“Robert Mugabe must go” – Comments by Brown, Sarkozy, Bush and the British press

Updated: Dec. 12, 2008 added a couple more links to stories

compiled by Cem Ertür
featured writer
Dandelion Salad
9 December 2008

“Robert Mugabe must go” – Comments by Brown, Sarkozy, Bush and the British press

I have been in close contact with African leaders to press for stronger action to give the Zimbawean people the Government they deserve. [UK Prime Minister Gordon Brown, 6 December 2008] [1]

I say today that President Mugabe must go. Zimbabwe has suffered enough. [France’s President Nicholas Sarkozy, 8 December 2008] [2]

As my Administration has made clear, it is time for Robert Mugabe to go… We urge others from the region to step up and join the growing chorus of voices calling for an end to Mugabe’s tyranny. [US President George Bush, 9 December 2008] [3]


Remove Robert Mugabe from Zimbabwe to save African lives

leading article, Daily Telegraph , 8 December 2008

But given the lack of available British troops, and the potential for unfounded accusations of imperialism, it would be best for the British Government to push for a UN-sanctioned overthrow of Mr Mugabe, with – as Kenyan prime minister Raila Odinga has urged – African Union troops taking a central role.


A Duty to Intervene

leading article, Times, 8 December 2008

Replacing the regime in Zimbabwe is a humanitarian imperative; the UK should support African calls for military intervention and offer supporting troops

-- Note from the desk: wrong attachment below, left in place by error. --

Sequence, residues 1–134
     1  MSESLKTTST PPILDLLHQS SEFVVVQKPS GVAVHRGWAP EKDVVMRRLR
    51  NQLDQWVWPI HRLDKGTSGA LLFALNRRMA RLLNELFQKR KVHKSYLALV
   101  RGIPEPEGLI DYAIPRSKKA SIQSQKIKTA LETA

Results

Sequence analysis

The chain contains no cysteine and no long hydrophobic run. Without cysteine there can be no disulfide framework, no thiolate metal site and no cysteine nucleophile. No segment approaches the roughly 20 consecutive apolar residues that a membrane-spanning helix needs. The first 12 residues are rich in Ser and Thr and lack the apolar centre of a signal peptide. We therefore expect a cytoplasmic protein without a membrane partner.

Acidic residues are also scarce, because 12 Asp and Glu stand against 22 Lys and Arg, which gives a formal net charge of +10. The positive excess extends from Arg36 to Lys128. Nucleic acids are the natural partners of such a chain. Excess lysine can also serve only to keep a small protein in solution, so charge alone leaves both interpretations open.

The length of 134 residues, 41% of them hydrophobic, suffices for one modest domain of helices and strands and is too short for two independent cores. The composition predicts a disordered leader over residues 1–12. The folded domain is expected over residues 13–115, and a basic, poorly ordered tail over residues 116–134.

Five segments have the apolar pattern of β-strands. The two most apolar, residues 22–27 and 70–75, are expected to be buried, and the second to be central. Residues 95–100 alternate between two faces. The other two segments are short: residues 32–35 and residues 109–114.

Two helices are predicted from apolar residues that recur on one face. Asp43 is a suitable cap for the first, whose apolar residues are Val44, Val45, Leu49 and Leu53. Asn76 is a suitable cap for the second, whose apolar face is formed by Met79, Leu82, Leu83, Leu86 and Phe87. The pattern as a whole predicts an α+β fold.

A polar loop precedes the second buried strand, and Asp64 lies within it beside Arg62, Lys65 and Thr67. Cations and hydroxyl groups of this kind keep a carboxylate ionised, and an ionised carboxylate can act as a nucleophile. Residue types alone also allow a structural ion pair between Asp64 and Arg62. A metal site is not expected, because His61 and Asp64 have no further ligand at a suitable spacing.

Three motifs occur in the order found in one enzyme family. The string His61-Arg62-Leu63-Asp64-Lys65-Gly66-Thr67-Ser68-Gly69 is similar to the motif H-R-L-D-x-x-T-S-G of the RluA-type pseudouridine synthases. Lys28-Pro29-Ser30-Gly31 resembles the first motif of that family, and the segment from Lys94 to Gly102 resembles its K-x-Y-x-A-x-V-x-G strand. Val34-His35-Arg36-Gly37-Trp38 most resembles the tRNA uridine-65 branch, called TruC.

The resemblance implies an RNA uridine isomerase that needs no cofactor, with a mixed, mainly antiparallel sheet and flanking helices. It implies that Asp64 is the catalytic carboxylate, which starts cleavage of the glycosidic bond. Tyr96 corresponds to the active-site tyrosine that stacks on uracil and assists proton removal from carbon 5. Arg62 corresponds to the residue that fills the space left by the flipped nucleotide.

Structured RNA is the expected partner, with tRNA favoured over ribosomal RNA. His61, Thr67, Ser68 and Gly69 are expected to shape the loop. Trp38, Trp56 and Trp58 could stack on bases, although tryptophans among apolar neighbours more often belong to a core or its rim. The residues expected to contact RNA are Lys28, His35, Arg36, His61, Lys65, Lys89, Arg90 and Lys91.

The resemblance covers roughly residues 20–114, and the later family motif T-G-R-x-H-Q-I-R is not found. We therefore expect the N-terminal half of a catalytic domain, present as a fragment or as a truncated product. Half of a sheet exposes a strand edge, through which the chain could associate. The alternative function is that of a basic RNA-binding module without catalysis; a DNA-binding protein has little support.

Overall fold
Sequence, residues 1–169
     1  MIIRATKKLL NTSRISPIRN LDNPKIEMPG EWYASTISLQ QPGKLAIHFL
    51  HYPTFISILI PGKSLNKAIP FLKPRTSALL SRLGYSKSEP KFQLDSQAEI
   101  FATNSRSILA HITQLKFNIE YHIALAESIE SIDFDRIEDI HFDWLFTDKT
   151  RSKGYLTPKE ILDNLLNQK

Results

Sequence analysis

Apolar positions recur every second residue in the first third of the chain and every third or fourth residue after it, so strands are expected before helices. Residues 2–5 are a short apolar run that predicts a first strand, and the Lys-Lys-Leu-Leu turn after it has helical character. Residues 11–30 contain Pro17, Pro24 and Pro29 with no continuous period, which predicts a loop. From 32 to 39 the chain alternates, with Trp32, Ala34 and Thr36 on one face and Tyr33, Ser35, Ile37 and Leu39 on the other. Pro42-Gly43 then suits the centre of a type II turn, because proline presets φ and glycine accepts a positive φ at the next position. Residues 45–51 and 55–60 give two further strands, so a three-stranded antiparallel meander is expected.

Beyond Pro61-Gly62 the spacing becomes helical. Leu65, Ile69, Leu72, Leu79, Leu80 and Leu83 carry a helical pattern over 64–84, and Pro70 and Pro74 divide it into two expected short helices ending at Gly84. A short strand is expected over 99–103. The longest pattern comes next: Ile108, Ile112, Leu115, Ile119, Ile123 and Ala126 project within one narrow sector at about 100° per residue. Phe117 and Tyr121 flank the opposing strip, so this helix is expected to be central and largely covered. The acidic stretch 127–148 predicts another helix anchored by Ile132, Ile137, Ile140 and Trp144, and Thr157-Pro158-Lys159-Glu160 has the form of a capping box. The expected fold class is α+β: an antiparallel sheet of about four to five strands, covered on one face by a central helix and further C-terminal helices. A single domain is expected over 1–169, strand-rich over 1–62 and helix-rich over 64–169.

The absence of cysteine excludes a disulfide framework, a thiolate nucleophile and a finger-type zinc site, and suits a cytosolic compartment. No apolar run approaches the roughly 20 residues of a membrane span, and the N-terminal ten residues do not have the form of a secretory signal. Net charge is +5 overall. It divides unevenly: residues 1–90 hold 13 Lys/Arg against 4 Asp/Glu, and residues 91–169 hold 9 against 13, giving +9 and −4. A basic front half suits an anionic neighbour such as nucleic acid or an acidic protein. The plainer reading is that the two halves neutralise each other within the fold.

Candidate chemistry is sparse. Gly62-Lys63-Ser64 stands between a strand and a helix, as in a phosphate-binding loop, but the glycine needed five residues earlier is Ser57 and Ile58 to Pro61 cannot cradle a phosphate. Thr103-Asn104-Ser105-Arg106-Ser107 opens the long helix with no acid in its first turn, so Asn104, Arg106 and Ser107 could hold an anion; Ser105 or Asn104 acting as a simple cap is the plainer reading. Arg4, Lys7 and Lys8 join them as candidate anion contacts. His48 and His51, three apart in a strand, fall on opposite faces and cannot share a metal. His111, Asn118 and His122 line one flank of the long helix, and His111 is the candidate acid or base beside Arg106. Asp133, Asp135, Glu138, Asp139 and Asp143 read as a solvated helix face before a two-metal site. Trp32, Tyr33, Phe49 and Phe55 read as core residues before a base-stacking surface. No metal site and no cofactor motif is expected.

Zimbabwe needs a political solution

leading article, Financial Times, 8 December 2008

Even as tens of thousands of Zimbabweans fall victim to cholera, the sad truth is that those governments in southern Africa capable of acting decisively against Robert Mugabe are unwilling to do so. Worse, some appear to be swinging back behind his vile regime… It is time for the wider world to stiffen the consequences of intransigence both by Mr Mugabe and by those southern African governments giving him succour.


His final call (again)

leading article, Guardian, 9 December 2008

South Africa could certainly make things worse in Zimbabwe, by cutting off or reducing fuel supplies or by closing the border, perhaps on the basis that it must guard against the spread of cholera. But what if that did not bring about a swift collapse of the regime but only an intensification of the sufferings of ordinary Zimbabweans?


Zimbabwe: the next step

leading article, Times, 9 December 2008

[South Africa] has the means, logistics and military back-up to lead any international intervention force. It should now be co-ordinating the proposed moves by the African Union and responding to the calls, from refugees and many South Africans, to rid the continent of this tyrant.



leading article, Independent, 12 December 2008

The leaders of Kenya and Botswana have both called on him to step down. The South African government, it is true, still refuses to join this chorus of disapproval… But the expected next leader of South Africa, Jacob Zuma, will take a much sterner approach to Mr Mugabe and his murderous regime. And if Mr Zuma is faced with a growing public health emergency on South Africa’s doorstep on taking office, the case for withdrawing all support will be overwhelming.